Storm damage Weird, windy, wicked winter weather wreaks havoc in Weehawken

A bizarre winter storm with wind gusts as high as 68 miles per hour blew through Weehawken early Wednesday morning, uprooting a tree on Highpoint Avenue and causing severe damage to a pedestrian structure at the UBS Financial Services headquarters on Harbor Boulevard.

The storm, intensified by the rare warm temperatures for January (Tuesday’s high was 62 degrees), raced through the area before Wednesday morning’s rush hour, causing the township’s public safety departments to be on high alert.

“This was unusually high wind gusts for January, reaching hurricane force,” Weehawken Public Safety Director Jeff Welz said. “It was a very rare storm. When you have warmer temperatures like that, you might get winds usually associated with summer storms. We were put on alert because of the winds.”

The first concern was the tree that fell onto a Highpoint Avenue home. It was thought at first to have brought down electrical wires as well, but that was not true. The fallen tree did cause minor structural damage to the home.

“There was some bent siding and some damage to the front porch,” Welz said.

Throughout the township, there were reports of downed branches, but none that caused major damage to any property. Department of Public Works crews were out removing the fallen tree branches from the township’s streets.

The most serious result of the storm occurred near the waterfront, when the roof of a pedestrian foot bridge, linking two of the UBS Financial Services buildings, was shorn off by the force of the winds.

“The wind got underneath the aluminum that covers the roof of the bridge, and pieces started flying off it,” Welz said. “The wind continued to rip off the siding and the insulation, causing it to fall to the street below. One of the glass panels also fell to the street and shattered. Fortunately, all of this occurred before the morning rush hour, or there might have been injuries.”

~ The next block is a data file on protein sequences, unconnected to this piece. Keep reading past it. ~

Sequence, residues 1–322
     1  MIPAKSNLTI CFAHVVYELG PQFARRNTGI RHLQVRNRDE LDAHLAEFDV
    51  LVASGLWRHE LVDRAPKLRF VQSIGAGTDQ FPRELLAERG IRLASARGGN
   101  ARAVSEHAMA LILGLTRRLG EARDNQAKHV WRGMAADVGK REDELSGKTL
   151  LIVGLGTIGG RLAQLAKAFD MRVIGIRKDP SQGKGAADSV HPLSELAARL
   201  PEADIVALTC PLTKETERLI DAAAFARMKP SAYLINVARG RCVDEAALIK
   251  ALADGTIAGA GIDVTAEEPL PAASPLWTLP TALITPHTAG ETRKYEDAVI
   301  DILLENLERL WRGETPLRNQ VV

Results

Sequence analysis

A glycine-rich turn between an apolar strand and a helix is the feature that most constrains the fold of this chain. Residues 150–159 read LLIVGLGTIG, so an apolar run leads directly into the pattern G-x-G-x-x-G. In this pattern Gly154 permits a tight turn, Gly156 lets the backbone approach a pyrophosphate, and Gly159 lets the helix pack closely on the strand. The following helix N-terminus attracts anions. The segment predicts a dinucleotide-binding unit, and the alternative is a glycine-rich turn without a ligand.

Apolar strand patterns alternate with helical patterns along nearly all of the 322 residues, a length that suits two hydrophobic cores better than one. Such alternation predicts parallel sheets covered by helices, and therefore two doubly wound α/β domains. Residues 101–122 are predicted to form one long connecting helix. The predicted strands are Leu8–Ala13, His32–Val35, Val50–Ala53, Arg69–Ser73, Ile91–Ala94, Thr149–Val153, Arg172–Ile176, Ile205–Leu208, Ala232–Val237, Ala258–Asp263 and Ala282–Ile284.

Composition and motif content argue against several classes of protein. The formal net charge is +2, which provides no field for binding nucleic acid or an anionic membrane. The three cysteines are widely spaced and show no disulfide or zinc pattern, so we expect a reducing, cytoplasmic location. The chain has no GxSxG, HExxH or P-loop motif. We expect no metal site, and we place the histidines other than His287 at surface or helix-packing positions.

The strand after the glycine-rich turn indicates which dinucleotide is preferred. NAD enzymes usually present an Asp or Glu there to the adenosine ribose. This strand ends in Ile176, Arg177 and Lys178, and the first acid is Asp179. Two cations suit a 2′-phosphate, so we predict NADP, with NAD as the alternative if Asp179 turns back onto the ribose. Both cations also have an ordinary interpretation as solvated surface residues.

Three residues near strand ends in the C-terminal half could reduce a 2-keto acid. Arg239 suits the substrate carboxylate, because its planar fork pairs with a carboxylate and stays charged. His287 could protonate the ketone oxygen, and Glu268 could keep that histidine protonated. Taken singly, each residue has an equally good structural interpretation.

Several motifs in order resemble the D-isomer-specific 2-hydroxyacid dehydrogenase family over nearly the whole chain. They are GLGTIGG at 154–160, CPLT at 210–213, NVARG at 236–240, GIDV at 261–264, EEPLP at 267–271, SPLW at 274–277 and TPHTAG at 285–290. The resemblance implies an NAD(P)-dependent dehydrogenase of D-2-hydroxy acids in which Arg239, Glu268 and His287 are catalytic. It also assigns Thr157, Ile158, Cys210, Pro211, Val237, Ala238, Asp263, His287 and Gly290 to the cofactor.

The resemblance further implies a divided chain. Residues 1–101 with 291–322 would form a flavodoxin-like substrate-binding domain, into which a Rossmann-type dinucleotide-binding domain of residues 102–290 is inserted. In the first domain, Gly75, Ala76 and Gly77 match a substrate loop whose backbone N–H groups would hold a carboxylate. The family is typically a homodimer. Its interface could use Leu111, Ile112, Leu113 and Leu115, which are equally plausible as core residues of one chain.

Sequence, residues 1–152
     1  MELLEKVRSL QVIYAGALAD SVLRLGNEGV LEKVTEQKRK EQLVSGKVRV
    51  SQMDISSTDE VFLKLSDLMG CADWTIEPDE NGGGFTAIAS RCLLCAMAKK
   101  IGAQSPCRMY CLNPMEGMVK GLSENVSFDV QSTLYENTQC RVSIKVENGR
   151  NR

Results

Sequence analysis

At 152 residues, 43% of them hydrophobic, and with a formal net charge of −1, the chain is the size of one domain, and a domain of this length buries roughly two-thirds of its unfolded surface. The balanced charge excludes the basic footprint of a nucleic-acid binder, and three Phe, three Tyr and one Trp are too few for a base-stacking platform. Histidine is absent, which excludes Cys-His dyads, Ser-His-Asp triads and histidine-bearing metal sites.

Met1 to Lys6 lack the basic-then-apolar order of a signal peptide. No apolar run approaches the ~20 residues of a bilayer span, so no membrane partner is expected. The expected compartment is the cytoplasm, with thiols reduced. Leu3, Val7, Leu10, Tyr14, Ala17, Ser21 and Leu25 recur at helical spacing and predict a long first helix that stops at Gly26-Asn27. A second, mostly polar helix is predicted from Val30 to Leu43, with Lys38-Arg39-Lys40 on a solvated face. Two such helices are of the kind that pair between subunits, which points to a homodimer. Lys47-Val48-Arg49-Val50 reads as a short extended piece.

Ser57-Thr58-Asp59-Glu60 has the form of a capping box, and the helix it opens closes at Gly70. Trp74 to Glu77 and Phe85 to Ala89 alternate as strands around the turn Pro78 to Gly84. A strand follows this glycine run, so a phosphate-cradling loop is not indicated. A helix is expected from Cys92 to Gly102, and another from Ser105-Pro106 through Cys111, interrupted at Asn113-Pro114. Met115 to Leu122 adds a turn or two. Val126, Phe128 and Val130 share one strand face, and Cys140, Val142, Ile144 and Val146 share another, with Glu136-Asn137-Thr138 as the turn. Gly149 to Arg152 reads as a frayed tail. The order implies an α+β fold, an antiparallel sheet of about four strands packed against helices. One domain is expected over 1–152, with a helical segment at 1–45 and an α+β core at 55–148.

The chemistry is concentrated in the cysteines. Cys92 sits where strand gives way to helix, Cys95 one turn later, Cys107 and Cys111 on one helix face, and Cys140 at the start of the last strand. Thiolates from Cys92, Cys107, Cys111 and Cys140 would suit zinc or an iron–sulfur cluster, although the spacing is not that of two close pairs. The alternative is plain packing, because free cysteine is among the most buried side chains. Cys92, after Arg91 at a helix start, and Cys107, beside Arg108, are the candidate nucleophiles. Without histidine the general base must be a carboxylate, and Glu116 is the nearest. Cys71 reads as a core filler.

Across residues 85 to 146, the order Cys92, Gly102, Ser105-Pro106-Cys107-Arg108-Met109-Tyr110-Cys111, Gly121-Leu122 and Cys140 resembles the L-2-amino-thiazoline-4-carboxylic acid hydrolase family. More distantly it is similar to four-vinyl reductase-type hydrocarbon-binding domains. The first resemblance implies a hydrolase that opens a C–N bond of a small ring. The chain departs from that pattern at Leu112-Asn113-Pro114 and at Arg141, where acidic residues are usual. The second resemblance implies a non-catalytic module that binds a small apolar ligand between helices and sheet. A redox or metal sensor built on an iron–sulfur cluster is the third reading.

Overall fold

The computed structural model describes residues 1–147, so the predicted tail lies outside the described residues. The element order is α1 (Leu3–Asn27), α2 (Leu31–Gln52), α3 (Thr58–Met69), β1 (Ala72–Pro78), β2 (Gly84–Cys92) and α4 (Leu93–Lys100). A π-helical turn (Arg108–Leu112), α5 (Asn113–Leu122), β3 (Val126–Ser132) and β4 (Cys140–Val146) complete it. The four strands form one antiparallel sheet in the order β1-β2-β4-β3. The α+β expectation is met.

Weehawken police and security personnel from both UBS and Hartz Mountain Industries, which owns the building, quickly worked to close off the street below (19th Street and Harbor Boulevard) to keep anyone from getting hurt. North Hudson Regional Fire & Rescue personnel tried to secure the aluminum roofing as best as possible.

By 2 p.m., the area was secured, the bridge was re-opened to pedestrian traffic, and the road below was opened to vehicular traffic.

“The structure was deemed safe, so everything went back to normal,” Welz said. “It was good that the winds had died down by 10:30 (a.m.), so we were able to restore the area.”

Welz said that UBS officials told him that permanent repairs to the structure will begin this week.

There were some reports of some NY Waterway ferry lines being shut down due to the storm, but none of those involved ferries operating out of the Weehawken terminal.

Welz said that the NHRFR received 55 storm-related calls about downed trees, wires and such, but there were no reports of major damage, other than the UBS pedestrian bridge.

“It was just tree branches and street signs,” Welz said. “There were no injuries and no major property damage. It was just a weird storm. We fared well, but it turned out to be a busy day for the police, the fire and the DPW. It could have been a lot worse.”


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